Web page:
In college football, much like life, looks can be deceiving.
Thanks in large part to Rich Rodriguez University of Arizona football is no longer simply a big mirage in southern Arizona. Coming off a double-digit win season, Pac-12 South Championship and trip to the Fiesta Bowl the Wildcats seem to look the part heading into the fall with the return of quarterback Anu Solomon, running back Nick Wilson and wide receiver Kayleb Jones.
However one insider believes, despite the returning skill talent, the Wildcats will likely take a step back in the standings in 2015 simply because of a couple of factors they can’t control.
“Factor in the schedule, it is difficult,” long-time publisher and college football analyst Phil Steele told Sports360AZ.com’s Brad Cesmat in a recent phone interview. “They play five Pac-12 road games this year. Trips to Arizona State, USC, Stanford among [them]. With that type of schedule I actually picked them tied for fourth in the Pac-12 South this year.”
Another pitfall could be no bye week for the ‘Cats. It’s something which could impact injuries and the mental grind of the long season.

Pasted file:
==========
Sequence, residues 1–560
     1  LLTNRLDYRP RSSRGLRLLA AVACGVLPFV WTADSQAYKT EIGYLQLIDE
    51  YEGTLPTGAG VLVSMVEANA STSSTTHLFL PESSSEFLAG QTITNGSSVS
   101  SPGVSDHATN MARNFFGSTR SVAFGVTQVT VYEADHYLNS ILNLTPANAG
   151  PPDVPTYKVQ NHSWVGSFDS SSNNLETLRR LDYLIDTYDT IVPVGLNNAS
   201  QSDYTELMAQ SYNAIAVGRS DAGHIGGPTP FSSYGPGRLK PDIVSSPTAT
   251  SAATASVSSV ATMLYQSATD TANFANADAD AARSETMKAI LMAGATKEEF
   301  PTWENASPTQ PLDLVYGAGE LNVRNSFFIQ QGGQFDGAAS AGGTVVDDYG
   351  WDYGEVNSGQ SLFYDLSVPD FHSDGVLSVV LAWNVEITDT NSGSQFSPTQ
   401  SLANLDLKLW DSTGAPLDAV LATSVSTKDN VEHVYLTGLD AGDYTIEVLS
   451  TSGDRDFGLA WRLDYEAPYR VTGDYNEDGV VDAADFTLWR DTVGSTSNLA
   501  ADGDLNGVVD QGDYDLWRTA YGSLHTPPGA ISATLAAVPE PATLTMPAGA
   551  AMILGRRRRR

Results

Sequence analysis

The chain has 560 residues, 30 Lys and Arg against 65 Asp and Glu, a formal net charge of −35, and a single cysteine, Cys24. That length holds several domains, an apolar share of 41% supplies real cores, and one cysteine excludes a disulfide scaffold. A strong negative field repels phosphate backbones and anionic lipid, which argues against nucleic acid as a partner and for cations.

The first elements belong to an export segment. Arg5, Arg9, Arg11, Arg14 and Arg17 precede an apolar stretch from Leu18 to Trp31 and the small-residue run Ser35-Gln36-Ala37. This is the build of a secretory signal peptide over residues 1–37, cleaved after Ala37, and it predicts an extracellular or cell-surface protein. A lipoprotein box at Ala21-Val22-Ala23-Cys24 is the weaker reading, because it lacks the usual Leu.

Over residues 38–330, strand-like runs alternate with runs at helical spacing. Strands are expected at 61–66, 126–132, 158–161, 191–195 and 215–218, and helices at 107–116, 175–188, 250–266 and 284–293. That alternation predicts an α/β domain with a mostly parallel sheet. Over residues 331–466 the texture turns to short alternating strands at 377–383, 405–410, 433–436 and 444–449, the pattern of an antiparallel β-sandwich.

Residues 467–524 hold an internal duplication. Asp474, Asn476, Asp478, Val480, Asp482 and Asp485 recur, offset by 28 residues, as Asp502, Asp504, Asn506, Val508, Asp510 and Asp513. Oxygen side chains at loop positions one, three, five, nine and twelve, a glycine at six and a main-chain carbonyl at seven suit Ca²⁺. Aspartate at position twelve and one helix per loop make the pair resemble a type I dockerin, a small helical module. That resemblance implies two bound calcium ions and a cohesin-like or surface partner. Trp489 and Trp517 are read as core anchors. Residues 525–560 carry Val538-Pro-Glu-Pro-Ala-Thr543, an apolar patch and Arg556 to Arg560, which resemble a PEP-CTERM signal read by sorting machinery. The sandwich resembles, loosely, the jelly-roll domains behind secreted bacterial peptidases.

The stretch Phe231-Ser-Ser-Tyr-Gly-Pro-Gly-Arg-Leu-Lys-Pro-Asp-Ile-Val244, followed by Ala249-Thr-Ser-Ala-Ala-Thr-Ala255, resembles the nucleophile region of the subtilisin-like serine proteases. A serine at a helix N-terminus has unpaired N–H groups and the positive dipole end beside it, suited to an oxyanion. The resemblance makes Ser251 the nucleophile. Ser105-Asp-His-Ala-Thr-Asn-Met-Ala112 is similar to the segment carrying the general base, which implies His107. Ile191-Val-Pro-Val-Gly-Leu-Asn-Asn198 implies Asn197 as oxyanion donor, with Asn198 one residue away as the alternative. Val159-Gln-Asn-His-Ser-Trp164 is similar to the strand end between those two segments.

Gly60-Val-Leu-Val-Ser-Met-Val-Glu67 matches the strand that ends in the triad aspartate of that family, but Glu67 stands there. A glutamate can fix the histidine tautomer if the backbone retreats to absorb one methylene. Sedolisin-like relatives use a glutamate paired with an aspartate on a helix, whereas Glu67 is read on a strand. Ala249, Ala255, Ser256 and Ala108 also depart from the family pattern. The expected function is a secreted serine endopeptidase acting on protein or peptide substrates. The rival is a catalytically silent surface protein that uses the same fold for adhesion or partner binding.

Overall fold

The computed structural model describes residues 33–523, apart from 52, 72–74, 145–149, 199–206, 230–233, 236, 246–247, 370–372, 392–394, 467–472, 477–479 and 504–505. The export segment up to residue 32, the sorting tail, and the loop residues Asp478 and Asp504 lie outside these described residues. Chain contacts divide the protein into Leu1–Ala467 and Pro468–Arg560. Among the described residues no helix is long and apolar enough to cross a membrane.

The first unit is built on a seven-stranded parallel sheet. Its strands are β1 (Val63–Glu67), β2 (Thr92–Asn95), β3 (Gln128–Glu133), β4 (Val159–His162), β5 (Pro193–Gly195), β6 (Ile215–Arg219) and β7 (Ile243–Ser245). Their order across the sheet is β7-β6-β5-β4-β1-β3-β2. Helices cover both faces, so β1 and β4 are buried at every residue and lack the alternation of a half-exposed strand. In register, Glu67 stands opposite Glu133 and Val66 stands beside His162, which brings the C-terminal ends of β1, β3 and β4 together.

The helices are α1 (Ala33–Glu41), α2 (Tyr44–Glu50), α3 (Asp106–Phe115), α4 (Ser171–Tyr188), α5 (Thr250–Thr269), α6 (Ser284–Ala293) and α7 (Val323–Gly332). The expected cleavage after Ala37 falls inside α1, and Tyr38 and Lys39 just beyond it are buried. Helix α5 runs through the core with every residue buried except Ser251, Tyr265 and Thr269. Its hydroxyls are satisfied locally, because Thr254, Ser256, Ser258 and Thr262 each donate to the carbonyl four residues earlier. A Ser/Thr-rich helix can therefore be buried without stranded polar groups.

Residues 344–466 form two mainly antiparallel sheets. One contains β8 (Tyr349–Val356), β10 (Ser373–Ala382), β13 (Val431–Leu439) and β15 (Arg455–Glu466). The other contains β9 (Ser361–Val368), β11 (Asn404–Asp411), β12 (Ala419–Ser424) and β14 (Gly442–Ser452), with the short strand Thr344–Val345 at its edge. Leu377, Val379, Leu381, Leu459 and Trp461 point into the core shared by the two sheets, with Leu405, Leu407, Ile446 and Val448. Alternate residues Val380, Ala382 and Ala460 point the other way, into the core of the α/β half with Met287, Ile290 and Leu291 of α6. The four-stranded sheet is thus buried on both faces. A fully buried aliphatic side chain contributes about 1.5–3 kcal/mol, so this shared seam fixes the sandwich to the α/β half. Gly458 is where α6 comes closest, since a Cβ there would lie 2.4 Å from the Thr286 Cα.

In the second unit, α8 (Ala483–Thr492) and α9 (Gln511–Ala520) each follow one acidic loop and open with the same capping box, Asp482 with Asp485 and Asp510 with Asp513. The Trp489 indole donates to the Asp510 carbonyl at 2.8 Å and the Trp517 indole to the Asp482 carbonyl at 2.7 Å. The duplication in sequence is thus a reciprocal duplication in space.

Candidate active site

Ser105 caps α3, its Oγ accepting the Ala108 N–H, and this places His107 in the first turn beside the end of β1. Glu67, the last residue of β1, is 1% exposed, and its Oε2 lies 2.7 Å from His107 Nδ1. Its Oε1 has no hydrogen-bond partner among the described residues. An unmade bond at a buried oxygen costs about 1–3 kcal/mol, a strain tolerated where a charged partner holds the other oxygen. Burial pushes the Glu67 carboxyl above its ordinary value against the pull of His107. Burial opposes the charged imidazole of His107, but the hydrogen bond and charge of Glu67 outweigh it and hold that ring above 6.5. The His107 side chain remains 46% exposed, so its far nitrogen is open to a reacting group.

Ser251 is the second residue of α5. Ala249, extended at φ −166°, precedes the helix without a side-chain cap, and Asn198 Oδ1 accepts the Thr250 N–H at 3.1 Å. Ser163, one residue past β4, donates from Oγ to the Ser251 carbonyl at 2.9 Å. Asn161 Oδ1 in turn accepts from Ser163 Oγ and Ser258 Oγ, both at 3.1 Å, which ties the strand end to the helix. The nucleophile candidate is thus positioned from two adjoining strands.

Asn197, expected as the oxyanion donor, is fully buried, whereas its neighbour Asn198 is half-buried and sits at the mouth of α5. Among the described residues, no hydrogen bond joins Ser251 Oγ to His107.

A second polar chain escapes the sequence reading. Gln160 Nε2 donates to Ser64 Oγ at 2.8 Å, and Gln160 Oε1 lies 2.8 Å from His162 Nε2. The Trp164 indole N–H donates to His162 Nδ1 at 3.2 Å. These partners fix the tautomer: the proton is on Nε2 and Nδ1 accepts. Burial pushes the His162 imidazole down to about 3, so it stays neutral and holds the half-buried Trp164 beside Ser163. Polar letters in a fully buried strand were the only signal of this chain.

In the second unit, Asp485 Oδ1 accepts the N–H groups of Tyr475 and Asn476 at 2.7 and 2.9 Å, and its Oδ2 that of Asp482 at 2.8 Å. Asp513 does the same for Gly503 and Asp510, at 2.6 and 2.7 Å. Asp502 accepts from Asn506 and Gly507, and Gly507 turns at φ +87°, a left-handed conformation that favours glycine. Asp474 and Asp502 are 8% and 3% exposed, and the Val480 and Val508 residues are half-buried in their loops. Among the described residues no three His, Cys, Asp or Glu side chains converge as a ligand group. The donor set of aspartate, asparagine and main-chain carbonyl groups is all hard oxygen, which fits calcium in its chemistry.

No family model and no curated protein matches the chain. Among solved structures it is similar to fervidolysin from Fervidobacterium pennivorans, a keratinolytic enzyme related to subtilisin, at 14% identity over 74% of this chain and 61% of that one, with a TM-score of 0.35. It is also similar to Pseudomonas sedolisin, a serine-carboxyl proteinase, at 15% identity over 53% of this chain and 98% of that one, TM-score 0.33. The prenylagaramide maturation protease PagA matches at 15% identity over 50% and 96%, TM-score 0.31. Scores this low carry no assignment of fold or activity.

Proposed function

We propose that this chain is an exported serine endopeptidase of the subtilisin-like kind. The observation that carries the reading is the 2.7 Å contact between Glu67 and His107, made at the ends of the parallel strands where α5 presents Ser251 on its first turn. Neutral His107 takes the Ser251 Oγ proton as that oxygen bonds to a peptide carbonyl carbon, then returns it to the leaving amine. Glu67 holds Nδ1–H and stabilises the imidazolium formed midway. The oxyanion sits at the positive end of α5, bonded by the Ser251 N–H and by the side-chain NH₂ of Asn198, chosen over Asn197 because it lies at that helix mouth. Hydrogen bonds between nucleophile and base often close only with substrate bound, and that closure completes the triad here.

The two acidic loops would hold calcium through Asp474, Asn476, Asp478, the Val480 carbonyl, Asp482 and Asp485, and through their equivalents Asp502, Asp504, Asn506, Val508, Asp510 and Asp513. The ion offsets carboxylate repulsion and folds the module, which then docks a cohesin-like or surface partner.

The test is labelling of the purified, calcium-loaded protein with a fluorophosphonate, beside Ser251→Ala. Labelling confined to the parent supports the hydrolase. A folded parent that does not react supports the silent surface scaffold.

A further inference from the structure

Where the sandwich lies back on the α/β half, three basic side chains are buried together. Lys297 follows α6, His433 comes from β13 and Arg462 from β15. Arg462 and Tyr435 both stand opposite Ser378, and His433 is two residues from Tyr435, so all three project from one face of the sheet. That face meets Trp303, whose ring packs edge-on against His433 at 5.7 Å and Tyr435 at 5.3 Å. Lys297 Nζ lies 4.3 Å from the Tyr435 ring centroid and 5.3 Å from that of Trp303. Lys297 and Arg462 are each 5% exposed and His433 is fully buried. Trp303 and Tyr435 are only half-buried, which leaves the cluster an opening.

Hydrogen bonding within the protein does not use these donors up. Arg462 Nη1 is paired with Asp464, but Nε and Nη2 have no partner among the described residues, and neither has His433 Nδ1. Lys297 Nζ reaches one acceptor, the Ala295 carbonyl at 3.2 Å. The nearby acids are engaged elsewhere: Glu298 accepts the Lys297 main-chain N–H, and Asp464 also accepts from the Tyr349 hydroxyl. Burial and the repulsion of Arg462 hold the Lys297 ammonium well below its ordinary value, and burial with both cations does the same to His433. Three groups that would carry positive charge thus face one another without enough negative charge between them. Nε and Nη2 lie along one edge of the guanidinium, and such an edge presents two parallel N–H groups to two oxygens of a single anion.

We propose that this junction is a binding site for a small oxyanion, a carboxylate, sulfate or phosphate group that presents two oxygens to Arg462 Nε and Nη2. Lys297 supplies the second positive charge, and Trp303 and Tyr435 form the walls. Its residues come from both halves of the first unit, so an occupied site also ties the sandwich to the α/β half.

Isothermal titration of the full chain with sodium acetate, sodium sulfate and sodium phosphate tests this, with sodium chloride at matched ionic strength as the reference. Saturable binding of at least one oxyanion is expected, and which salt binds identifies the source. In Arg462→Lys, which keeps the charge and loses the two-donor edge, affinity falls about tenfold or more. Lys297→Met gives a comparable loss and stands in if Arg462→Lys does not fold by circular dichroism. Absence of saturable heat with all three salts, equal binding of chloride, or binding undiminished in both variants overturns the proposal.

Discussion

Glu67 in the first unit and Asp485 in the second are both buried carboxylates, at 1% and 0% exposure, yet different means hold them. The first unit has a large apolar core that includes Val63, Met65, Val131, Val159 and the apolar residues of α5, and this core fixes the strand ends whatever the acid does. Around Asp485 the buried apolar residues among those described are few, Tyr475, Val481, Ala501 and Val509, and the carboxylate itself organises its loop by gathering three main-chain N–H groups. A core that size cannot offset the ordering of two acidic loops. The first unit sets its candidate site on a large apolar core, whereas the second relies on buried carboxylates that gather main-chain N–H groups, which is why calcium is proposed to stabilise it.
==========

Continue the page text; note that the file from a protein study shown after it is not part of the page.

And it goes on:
Defensively, UA must replace a trio of talented safeties but will benefit from the return of All-American junior linebacker Scooby Wright who burst on the scene as a sophomore registering one of the most prolific and dominating defensive seasons in conference history. The reigning Pac-12 Defensive Player of the Year will be the focal point of defensive coordinator Jeff Casteel’s defense.
“I don’t think there was an award where Scooby Wright’s name didn’t come up,” Steele told Cesmat. “He is one of the most dynamic playmakers out there.”
Through the good, bad and unknown the Wildcats have always understood the bigger picture under their current coaching staff.
Coach Rod is fully aware and realistic of potential hurdles this year.
“Our league is so good,” he recently told Sports360AZ.com. “We could be better and it may not show in our record. The Pac-12 is better than it’s ever been…so we have to do our job.”
A challenge Rodriguez and his staff have thrived under since arriving in Tucson.